When I was in college, I took a memoir writing class, and one of the in-class writing exercises we were to do was to write about “our mother’s cooking.” Or, if not our mother, who did the substantive cooking (which turned out to be a non-mother for a couple of people in the class).
There was a sameness to the stories: long, white kitchens, large meals of poultry, rather a blandness of cuisine that my family never shared.
Me? I wrote about the trimaran we built when I was a kid and the smell of the butane stove, the fun when people would go diving and bring back abalone. Then I got into an extended description of cutting abalone into pieces and having it still crawl across the cutting board, even while I was whaling on it with a meat tenderizer.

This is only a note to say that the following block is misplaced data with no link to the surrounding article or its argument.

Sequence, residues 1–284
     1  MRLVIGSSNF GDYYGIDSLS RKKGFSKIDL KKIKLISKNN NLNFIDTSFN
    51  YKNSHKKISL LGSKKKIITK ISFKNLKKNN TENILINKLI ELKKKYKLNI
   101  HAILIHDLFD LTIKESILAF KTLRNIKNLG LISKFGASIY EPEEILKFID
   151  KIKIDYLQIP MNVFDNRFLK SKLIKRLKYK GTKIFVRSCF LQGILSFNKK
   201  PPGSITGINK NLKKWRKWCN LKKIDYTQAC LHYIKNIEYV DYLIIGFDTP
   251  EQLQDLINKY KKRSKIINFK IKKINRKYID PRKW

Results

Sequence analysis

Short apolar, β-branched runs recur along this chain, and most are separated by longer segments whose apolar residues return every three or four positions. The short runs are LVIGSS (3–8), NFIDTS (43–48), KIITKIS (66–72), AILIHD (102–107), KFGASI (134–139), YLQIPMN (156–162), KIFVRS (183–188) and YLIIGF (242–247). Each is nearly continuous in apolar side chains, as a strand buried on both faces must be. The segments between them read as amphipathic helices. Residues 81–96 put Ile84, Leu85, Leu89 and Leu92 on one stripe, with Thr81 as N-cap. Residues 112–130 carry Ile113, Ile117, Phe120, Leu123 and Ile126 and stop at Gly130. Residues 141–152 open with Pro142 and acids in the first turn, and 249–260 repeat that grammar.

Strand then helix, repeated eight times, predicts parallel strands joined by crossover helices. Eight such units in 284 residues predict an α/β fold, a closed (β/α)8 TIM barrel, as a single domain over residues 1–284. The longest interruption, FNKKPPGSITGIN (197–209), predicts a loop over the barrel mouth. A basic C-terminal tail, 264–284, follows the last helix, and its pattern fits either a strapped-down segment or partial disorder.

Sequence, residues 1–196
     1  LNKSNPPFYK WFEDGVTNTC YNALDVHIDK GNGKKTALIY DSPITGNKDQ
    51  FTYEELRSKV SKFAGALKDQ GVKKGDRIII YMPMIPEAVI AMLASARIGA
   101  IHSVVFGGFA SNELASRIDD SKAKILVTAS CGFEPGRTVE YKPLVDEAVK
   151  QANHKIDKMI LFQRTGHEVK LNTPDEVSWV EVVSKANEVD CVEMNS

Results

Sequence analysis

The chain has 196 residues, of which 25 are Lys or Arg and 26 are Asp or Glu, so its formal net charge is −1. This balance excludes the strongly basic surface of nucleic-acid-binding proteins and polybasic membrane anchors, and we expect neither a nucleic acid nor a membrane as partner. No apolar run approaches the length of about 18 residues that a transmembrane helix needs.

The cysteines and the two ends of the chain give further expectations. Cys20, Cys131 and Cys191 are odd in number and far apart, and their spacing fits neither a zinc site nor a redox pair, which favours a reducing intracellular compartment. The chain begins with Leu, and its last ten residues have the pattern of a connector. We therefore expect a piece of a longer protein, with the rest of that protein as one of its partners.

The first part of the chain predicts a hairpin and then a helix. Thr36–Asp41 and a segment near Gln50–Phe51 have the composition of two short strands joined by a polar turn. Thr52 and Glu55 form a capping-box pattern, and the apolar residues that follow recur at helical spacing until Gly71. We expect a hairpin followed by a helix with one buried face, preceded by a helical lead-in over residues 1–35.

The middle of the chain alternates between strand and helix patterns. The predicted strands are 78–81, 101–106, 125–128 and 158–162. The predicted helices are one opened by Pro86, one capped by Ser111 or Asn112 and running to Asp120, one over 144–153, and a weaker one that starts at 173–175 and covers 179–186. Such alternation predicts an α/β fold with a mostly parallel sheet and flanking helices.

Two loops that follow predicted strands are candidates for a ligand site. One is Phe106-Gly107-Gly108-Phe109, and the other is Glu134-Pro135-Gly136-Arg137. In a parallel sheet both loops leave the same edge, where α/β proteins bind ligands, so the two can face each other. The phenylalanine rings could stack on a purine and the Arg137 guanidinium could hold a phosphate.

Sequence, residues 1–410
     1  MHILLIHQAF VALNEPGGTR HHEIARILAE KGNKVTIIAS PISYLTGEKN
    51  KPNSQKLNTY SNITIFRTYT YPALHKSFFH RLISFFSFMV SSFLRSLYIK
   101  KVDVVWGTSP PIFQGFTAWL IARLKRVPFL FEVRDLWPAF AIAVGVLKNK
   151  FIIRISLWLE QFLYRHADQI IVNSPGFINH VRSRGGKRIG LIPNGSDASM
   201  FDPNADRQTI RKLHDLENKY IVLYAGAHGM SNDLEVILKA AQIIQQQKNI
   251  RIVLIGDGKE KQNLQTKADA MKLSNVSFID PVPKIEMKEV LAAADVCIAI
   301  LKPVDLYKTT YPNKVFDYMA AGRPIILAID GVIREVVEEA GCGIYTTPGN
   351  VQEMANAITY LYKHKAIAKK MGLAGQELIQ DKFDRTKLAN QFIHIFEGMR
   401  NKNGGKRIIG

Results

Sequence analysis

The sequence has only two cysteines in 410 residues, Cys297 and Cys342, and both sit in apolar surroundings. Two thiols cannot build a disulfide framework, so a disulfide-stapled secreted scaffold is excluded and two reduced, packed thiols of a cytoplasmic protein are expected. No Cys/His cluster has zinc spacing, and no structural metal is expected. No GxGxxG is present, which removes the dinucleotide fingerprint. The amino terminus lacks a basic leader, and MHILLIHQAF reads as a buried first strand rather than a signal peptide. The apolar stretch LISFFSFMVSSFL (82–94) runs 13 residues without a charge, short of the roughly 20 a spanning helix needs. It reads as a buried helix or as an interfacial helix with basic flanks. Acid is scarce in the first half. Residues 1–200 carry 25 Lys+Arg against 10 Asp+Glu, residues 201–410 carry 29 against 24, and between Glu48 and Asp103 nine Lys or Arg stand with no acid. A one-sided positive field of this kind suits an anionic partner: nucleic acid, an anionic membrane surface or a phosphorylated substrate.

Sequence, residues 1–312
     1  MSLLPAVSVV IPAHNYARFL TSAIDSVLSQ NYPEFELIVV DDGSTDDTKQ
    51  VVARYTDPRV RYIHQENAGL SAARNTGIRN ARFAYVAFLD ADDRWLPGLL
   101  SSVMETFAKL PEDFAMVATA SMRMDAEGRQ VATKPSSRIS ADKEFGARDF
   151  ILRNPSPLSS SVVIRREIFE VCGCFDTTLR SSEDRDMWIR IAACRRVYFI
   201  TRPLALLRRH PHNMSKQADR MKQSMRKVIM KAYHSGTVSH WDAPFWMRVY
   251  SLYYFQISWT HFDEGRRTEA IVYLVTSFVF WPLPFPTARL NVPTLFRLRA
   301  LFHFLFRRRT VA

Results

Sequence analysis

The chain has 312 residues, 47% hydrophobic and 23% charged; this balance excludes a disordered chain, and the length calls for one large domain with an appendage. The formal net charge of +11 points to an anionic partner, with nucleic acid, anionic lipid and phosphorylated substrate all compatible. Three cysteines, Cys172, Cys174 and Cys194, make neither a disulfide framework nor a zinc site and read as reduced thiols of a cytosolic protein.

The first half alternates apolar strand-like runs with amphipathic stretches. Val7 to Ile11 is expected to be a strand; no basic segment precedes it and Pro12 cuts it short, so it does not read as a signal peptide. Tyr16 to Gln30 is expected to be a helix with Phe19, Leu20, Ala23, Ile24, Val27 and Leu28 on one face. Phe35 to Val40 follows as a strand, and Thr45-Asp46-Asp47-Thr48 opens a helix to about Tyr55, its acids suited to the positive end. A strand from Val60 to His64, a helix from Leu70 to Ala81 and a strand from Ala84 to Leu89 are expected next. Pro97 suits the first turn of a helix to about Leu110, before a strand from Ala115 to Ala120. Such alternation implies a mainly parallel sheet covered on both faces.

Abalone’s tough, you know. Really have to pound the everloving crap out of it for it to be tender enough.
Oh, and the island we were at (San Clemente) was being shelled by the military in training exercises at the time. From five miles out. Whoosh, boom!
Naturally, we had to read our little pieces aloud. As I read mine, I pounded the conference room table at the appropriate points.
At the end, everyone was a bit stunned, and the teacher said, “Okay then.”
It was not until that moment that I realized there was anything the least bit unusual about my upbringing. Truly.